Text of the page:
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Licensed Unlicensed Requires Authentication Published by De Gruyter March 14, 2015

A Two-level Agent-Based Model for Hurricane Evacuation in New Orleans

  • Wei Liang , Nina S.-N. Lam EMAIL logo , Xiaojun Qin and Wenxue Ju

Abstract

Mass evacuation of urban areas due to hurricanes is a critical problem in emergency management that requires extensive basic and applied research. Previous research uses agent-based models to simulate individual vehicle and driver behavior, and is limited mostly to a small study area due to the complexity of the models and the computational time needed. To better understand evacuation behavior, simulating the evacuation traffic in a larger region is needed. This paper develops a two-level regional disaster evacuation model by coupling two agent-based models. The first model uses each census block centroid, weighted with its corresponding number of vehicles, as an agent to simulate the local road network traffic. The second model, developed on the platform of a commercial software program called VISSIM, treats each vehicle as an agent to simulate the interstate highway traffic. This two-level agent-based model was used to simulate hurricane evacuation traffic in New Orleans. Validation results with the real Hurricane Katrina’s evacuation data confirm that the proposed model performs well in terms of high model accuracy (i.e., close agreement between the real and simulated traffic patterns) and short model running time. The modeling results show that the average root-mean-square error (RMSE) for the three major evacuation directions was 347.58. Under a simultaneous evacuation strategy, and with 240,251 vehicles in 17,744 agents (census blocks), it would take at least 46.3 hours to evacuate all residents from the New Orleans metropolitan area. This two-level modeling approach could serve as a practical tool for evaluating mass evacuation strategies in New Orleans and other similar urban areas.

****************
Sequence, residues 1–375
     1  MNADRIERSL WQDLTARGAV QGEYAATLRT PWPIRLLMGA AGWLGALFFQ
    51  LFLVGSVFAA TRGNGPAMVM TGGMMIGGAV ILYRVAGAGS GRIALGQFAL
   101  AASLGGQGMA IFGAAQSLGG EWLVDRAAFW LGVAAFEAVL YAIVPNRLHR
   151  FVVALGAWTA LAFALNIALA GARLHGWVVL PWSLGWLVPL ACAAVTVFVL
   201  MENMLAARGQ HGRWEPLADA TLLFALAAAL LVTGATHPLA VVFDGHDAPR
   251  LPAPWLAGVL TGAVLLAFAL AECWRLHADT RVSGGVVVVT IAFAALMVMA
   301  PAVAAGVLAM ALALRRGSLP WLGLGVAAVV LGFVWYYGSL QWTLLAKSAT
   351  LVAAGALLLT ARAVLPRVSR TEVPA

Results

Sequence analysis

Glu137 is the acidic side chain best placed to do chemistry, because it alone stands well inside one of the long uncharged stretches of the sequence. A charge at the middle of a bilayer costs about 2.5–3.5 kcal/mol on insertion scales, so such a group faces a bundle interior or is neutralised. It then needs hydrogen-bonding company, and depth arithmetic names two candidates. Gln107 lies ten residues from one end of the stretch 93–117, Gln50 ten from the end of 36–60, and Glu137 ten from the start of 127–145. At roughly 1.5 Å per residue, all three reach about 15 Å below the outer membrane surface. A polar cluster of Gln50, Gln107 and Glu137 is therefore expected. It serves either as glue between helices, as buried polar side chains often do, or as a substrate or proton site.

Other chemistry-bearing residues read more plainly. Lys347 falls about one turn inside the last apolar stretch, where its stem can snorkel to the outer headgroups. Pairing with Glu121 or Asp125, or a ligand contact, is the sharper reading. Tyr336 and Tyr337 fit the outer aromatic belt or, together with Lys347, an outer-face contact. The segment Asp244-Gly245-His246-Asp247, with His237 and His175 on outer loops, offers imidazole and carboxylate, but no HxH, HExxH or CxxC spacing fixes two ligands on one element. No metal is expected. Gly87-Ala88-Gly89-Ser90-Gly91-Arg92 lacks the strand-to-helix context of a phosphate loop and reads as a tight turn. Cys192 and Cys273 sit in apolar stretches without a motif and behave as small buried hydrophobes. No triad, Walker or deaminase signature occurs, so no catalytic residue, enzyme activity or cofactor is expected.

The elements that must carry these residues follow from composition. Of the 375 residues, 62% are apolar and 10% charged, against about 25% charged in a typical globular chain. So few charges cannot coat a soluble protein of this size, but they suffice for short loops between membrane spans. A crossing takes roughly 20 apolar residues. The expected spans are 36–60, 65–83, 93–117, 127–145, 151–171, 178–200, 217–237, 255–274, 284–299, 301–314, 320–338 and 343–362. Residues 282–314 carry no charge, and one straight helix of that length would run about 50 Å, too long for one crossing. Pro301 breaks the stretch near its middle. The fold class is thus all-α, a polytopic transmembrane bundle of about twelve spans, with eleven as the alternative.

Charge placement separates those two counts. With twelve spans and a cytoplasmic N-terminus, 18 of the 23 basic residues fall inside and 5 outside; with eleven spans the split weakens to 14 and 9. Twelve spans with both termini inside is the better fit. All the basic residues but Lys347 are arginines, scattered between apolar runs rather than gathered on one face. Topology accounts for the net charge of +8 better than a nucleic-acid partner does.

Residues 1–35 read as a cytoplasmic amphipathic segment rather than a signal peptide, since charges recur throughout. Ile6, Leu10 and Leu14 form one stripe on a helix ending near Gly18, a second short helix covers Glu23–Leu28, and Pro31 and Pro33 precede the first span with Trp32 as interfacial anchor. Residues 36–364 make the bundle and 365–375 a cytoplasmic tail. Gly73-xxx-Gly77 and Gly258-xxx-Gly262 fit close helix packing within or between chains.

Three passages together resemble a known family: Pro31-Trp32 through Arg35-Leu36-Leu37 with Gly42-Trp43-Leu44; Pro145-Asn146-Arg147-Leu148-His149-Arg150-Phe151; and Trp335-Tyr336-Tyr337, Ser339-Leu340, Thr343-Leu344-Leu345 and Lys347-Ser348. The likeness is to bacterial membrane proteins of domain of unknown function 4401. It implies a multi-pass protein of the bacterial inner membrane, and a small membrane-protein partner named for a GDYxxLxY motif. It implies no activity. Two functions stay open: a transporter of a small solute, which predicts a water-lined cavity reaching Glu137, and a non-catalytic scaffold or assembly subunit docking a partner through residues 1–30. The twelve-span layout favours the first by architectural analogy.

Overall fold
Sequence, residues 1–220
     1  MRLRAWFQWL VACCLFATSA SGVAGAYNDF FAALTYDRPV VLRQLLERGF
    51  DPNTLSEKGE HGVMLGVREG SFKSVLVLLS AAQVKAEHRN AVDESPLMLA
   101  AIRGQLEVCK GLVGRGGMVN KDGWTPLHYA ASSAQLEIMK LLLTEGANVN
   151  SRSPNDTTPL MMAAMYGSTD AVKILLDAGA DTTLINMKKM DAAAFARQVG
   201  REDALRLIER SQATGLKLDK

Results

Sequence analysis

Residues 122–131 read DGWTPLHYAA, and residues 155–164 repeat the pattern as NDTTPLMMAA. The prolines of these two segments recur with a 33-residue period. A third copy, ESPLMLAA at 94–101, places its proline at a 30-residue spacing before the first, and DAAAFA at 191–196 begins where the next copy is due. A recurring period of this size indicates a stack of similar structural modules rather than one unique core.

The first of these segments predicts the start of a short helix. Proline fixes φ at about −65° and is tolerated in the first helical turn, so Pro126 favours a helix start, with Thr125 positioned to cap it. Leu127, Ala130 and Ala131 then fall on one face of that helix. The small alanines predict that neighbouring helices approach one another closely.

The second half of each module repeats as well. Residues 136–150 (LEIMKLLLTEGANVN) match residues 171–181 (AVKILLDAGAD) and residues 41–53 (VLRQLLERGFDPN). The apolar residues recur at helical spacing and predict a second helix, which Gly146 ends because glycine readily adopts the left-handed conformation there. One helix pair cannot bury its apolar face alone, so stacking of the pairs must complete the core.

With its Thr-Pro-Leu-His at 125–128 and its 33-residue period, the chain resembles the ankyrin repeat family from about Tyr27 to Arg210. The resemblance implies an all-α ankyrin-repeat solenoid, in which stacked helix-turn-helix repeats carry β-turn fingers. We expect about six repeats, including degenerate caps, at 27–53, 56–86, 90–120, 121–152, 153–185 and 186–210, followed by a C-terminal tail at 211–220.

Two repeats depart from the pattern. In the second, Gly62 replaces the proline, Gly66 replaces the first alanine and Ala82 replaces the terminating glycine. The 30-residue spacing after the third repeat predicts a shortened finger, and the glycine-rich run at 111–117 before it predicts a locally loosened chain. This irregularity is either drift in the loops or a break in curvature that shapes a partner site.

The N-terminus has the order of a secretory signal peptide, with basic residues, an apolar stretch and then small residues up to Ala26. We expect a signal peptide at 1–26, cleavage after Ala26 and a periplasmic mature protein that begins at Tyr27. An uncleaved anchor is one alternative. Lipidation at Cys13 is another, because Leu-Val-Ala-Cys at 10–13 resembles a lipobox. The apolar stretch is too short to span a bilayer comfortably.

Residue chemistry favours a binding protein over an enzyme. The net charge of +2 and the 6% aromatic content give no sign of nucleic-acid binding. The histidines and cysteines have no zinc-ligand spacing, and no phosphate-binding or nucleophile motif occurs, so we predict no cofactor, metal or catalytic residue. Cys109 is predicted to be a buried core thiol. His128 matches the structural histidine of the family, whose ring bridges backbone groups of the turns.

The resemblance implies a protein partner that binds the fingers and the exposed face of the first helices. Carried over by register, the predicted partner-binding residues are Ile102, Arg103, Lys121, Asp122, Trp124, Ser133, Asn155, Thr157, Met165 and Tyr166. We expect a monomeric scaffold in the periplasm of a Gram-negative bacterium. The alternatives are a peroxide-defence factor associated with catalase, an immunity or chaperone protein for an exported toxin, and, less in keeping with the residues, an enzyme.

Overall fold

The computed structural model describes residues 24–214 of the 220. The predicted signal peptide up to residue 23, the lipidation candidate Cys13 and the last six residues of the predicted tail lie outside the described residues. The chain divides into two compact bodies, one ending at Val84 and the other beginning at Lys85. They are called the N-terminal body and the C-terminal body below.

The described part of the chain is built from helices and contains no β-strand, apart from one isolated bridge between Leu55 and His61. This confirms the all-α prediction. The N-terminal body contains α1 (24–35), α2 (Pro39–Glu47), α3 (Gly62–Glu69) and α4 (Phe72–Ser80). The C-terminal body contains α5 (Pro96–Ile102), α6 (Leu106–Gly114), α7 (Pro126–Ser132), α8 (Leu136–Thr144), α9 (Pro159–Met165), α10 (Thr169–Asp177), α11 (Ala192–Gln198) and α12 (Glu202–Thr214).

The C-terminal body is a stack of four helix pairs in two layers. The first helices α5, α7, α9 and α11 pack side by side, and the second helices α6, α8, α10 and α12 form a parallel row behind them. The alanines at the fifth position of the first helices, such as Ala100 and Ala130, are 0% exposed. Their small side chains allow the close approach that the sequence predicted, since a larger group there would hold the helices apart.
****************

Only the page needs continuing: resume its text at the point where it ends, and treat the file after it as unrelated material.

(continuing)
Corresponding author: Nina S.-N. Lam, Louisiana State University – Department of Environmental Sciences, Baton Rouge, LA, USA, e-mail:

Acknowledgement

This material is based upon work supported by a National Science Foundation Doctoral Dissertation Research Award (BCS-0802593) and two research awards from the National Science Foundation (SES-0729259, BCS-1211112). Any opinions, findings, and conclusions or recommendations expressed in this research are those of the authors and do not necessarily reflect the views of the funding agencies.

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Published Online: 2015-3-14
Published in Print: 2015-6-1

©2015 by De Gruyter

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